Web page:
"Sanism" is an irrational prejudice of the same quality and character of other irrational prejudices that cause (and are reflected in) prevailing social attitudes of racism, sexism, homophobia and ethnic bigotry. It infects both our jurisprudence and our lawyering practices. Sanism is largely invisible and largely socially acceptable. It is based predominantly upon stereotype, myth, superstition and deindividualization, and is sustained and perpetuated by our use of alleged "ordinary common sense" (OCS) and heuristic reasoning in an unconscious response to events both in everyday life and in the legal process. Judges are not immune from sanism. "[E]mbedded in the cultural presuppositions that engulf us all," they express discomfort with social science (or any other system that may appear to challenge law's hegemony over society) and skepticism about new thinking; this discomfort and skepticism allows them to take deeper refuge in heuristic thinking and flawed, non-reflective OCS, both of which continue the myths and stereotypes of sanism.
2. Sanism and the court process in mental disability law cases
Judges reflect and project the conventional morality of the community, and judicial decisions in all areas of civil and criminal mental disability law continue to reflect and perpetuate sanist stereotypes.
1. In general
The entire relationship between the legal process and mentally disabled litigants is often pretextual. By this, I mean simply that courts accept (either implicitly or explicitly) testimonial dishonesty and engage similarly in dishonest (frequently meretricious) decisionmaking, specifically where witnesses, especially expert witnesses, show a "high propensity to purposely distort their testimony in order to achieve desired ends." This pretextuality is poisonous; it infects all participants in the judicial system, breeds cynicism and disrespect for the law, demeans participants, and reinforces shoddy lawyering, blasé judging, and, at times, perjurious and/or corrupt testifying.
The pretexts of the forensic mental health system are reflected both in the testimony of forensic experts and in the decisions of legislators and fact-finders. Experts frequently testify in accordance with their own self-referential concepts of "morality" and openly subvert statutory and caselaw criteria that impose rigorous behavioral standards as predicates for commitment or that articulate functional standards as prerequisites for an incompetency to stand trial finding. Often this testimony is further warped by a heuristic bias. Expert witnesses -- like the rest of us -- succumb to the seductive allure of simplifying cognitive devices in their thinking, and employ such heuristic gambits as the vividness effect or attribution theory in their testimony.
D. Sanism, pretextuality, seclusion and restraint
It is clear that seclusion and restraint are often used for sanist and pretextual reasons. Kirk Heilbrun's research demonstrates that, in three out of five instances, it is used to control patients who are "uncooperative" or have engaged in "inappropriate behavior" (rather than patients whose violence makes them a danger to self or others). Reported cases reflect this: patients are restrained because they are "rude" and disrespectful," because they are "disruptive" or a "thorn in everybody's side" (thus fostering staff resentment), because they shouted obscenities, or where administrators expressed fear of being sued if they failed to restrain. As I have already noted, patients in restraints are taunted by staff. Others have been forced to urinate in their clothes because of staff policies that patients in seclusion could only use bathroom facilities for 15 minutes during every hour, and then subject to "brutal beatings" for refusing to clean up their urine. And cases have been reported where patients have been restrained for years.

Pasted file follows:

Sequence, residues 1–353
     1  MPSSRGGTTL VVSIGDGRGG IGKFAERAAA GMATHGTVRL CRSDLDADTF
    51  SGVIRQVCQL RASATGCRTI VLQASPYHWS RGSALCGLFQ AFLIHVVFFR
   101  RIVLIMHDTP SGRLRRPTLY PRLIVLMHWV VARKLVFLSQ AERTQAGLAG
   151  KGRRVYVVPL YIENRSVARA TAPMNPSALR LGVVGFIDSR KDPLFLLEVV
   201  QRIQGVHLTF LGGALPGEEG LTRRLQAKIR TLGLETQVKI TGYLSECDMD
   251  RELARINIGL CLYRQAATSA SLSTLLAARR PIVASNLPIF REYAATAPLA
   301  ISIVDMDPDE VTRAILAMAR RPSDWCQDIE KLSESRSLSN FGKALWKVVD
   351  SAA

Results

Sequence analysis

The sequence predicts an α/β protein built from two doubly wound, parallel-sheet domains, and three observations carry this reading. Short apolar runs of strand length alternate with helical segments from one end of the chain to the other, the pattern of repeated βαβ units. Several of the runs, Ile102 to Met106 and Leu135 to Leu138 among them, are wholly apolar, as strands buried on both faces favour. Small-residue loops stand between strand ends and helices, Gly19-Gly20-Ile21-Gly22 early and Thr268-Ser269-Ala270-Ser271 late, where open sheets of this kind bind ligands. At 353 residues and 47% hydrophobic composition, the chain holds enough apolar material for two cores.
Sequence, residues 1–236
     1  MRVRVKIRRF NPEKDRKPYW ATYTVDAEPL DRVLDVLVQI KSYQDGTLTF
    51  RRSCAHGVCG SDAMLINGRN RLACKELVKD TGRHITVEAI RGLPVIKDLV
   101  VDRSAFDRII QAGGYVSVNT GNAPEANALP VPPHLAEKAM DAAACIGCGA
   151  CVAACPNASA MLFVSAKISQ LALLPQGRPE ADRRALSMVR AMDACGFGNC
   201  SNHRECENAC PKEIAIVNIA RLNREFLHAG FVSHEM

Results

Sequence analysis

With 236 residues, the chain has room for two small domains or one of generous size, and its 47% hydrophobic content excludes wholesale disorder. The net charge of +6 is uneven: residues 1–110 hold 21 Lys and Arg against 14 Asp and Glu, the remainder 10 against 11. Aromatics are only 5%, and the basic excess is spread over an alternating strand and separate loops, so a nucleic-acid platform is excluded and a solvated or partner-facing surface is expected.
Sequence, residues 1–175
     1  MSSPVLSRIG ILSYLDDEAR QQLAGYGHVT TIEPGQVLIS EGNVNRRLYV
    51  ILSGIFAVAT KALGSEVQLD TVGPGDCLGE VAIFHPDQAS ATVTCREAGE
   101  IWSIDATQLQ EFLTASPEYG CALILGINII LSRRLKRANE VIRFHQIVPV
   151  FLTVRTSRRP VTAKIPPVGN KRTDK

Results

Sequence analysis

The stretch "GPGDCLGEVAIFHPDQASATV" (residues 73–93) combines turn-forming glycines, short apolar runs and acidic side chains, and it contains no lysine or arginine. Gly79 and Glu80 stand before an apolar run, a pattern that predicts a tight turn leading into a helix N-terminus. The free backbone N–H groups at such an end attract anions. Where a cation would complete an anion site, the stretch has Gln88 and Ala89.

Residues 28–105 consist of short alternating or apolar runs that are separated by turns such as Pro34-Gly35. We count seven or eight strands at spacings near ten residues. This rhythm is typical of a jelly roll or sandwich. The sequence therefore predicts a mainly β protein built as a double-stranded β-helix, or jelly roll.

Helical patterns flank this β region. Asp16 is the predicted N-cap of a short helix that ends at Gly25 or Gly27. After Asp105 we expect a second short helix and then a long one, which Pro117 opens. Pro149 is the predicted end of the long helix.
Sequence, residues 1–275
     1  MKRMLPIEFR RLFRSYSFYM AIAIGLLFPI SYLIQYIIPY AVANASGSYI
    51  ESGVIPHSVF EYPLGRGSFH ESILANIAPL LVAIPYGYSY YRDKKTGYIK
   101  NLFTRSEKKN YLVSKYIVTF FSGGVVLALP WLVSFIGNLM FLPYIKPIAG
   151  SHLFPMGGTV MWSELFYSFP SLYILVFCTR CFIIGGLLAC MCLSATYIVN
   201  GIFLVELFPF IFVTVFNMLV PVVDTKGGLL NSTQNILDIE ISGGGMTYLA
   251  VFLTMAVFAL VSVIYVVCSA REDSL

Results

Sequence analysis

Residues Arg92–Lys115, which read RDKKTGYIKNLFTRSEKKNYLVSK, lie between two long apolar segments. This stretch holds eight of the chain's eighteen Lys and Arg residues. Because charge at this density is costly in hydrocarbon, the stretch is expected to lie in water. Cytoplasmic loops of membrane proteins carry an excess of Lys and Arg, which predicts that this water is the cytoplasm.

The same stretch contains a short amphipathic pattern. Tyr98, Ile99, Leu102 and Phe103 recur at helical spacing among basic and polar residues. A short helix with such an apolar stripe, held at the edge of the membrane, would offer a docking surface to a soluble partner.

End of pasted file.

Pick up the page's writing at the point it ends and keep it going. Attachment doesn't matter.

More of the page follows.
The case of Alt v. John Umstead Hospital is instructive. There, the North Carolina Court of Appeals upheld an award under the State Tort Claims Act to a patient who had been placed in seclusion and restraints for shouting obscenities and throwing his dinner tray against a wall of the hospital ward. Said the court:
The decision of Dr. Parker and Nurse DeBerry to place plaintiff into seclusion and restraints at about 5:25 p.m. on February 22nd, 1990 was not in keeping with community standards of medical practice and was not justified by plaintiff's behavior, the state rules, or hospital policies. Throwing a tray and shouting obscenities do not constitute imminent danger to others or to a patient so as to justify the use of seclusion and restraint under psychiatric and medical standards of practice in February 1990. The behavior of Nurse DeBerry, smarting from being called names by her patient and unable to get her patient to be compliant, was one of punishment rather than treatment. Dr. Parker aided and abetted in this punishment. Irrational actions by a psychiatric patient are to be expected, and what might call for punishment in a mentally stable patient does not justify punishment of a mental deficient patient.
Where the use of restraints is motivated by fear of litigation it is clearly pretextual. Writing about the use of restraints in nursing homes, Professor Marshall Kapp is clear on this point:
One of the major impediments slowing down progress toward [the] goal [of bringing about a greatly reduced reliance on the use of nursing homes] is a widespread anxiety among many long-term care providers about potential legal liability resulting from injuries associated with the non-restraint of a resident. Apprehension of liability, or at least of being caught as an involuntary party in litigation, is frequently cited as a pretext for actions actually based more on a professional bias toward paternalism on behalf of older disabled persons, staff convenience, and desire for resident behavior control.